Archive for the ‘canada’ Category

Late Fall at the Wye Marsh

November 19, 2013

The school groups aren’t doing much at the Wye Marsh this month.  We were incredibly busy in October but there are only occasional groups coming until, I guess, next year when cross country skiing starts up.  A coworker and I felt the need to canoe and see what the marsh looks like in mid-November.

First, I found this wonderful swan-foot print and needed to compare it to my own hand.  Sure, my foot is longer, but this is huge for a 12 kg animal.

DSC09976 b We were using a smaller canoe so we explored areas we couldn’t earlier in the giant ten person canoes.  Here, the edges of the channel were so narrow, we just pulled our boat through.DSC09971 b Did I say, November?  I meant Movember.  Squint or click on the image to increase the size if you cannot see my luxurious mustache!DSC09971 cWe had passed this beaver den almost every day for around five months.  After three weeks away, we arrived to find a cache of small trees and branches with delicious bark for the beavers to access through the winter in front of the den.
DSC09968 b This kestrel is the Marsh’s newest resident of the Birds of Prey program.DSC09966 c

I guess this back end of a cheetah needs a little explanation.  My son loves cheetahs and this is around half of a Christmas gift I am working on for him.  There is more, and another mustache shot at Creativiti Project.  Midland Wood Carvers is a group of carving hobbyists that I sometimes join to beg for assistance and wisdom.  Their workshop is at the Wye Marsh. DSC09981 b

Cycling, in October, and more

October 4, 2013

I’ve been trying to cycle to work every other day, weather permitting, and really enjoying it.   I’d always been an early riser and my son really is so I am definitely up and ready in good time.  The weather has been cooperating, too.  It hasn’t always been sunny, but it has been obviously poor or obviously great in the morning so I haven’t been caught in miserable conditions.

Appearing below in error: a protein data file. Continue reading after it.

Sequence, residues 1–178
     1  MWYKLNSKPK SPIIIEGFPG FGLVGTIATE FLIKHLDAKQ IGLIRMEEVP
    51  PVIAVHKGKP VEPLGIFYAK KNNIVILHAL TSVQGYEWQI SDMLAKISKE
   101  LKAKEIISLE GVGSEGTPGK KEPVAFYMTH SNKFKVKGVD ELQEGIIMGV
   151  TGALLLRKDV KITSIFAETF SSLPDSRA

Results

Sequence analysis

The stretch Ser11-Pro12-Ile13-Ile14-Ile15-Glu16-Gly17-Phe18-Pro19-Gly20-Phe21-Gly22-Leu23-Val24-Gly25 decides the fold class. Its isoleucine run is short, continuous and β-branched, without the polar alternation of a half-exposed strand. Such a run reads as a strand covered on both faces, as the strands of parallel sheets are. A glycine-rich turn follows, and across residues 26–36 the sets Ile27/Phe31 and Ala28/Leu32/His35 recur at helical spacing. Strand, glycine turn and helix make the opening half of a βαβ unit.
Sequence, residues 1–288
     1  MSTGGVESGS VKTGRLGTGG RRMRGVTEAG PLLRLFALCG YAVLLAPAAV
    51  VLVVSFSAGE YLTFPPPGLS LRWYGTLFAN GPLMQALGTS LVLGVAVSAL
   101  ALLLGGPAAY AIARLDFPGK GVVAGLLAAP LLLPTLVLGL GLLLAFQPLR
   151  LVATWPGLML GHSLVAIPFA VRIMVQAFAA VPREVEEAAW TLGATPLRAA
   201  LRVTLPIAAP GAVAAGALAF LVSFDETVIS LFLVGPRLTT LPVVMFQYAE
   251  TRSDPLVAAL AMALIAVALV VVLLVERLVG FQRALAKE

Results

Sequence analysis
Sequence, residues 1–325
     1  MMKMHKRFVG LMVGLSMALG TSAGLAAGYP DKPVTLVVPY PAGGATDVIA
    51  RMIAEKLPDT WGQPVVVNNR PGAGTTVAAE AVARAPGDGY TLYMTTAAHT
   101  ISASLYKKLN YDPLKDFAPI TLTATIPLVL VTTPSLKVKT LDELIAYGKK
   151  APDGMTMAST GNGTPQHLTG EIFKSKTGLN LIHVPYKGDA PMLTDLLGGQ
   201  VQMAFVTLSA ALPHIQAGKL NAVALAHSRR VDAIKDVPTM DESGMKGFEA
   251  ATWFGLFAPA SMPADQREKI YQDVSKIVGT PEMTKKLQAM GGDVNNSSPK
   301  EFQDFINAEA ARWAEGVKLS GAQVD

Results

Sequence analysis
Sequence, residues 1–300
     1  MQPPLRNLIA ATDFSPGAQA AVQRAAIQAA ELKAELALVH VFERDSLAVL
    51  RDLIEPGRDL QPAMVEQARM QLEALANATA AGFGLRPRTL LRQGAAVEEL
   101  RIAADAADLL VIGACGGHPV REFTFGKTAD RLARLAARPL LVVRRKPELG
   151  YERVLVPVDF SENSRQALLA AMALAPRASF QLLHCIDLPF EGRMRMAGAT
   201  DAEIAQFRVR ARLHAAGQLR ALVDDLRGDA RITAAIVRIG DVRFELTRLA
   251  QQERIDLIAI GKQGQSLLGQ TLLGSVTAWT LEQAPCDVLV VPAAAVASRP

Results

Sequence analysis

One fly in the ointment is my weekend work.  This weekend are two rides I’d like to be involved in but I am scheduled to lead some cub scout activities at my workplace.  On Saturday, in Nobel, a village near Parry Sound is a 7.6km ride.

October 05th (Saturday) Parry Sound Area Active Transportation presents a “Fall Fun Ride” starting at the Parry Sound Mall and wrapping up at the McDougall Recreation Centre (7.6kms). It’s a free event with registration from 09:00 am to 10:00 am, with the ride starting at 10:00 am. Register and ride for an entry into a bike draw. The Rotary Club of Parry Sound will have a BBQ at the finishing point. For information call 705 746 5801. www.psactivetrans.org

This would be a great event for my son and I, again, if I were not working.  While searching for online info about the Nobel ride, I found the Sudbury Cycling Union page, which has information about work to create bike trails around Georgian Bay.

On Sunday,  the United Way is running a series of rides from 25 to 100km in Simcoe County near Barrie.

 

On Facebook, friends shared two videos that fit with today’s topic.  One is about a man who was fined for not riding in the bike lane in New York and so wen tout of his way to show how dangerous the bike lanes were  The video is interesting but his method - crashing into obstacles left in the bike lanes - seems a little too personally costly to me.

The second video was made by a Dutch visitor to the US and compares the cycling culture in the two countries.  Briefly, he feels that the way cyclists locally (Canadian bike culture is nearly identical to American) dress up and prepare for riding shows it is not yet normative or entirely accepted.  I get this: one doesn’t really need spandex and lycra to ride.  The situation reminded me of hiking in Korea.  Korean hikers often dress in brand name hiking clothes and boots, and with poles and packs suitable for Nepal when shorts and running shoes are entirely sufficient.  Perhaps Thorstein Veblen’s views on conspicuous consumption are still relevant.

Back to the video.  The Dutch rider also compares infra(structure) in the two countries and this is fair although I think geography is at least equally relevant.  I don’t know much about the Netherlands but my impression is that it (they?) are pool-table flat and so more bike-friendly from the get-go.

 

Two pictures from recent rides I have taken.  The first can be found in a previous post but is worth showing again.  It is a Dekay snake or Northern Brown snake that I shooed off the bike trail.

DSC09531 bThe colors are just turning around Midland and the views are only going to get better in the next two weeks.  I predict an incredible Thanksgiving next weekend.  The bike trails around Midland, Penetanguishene, Tay and Tiny Townships will be the places to go!DSC09564 b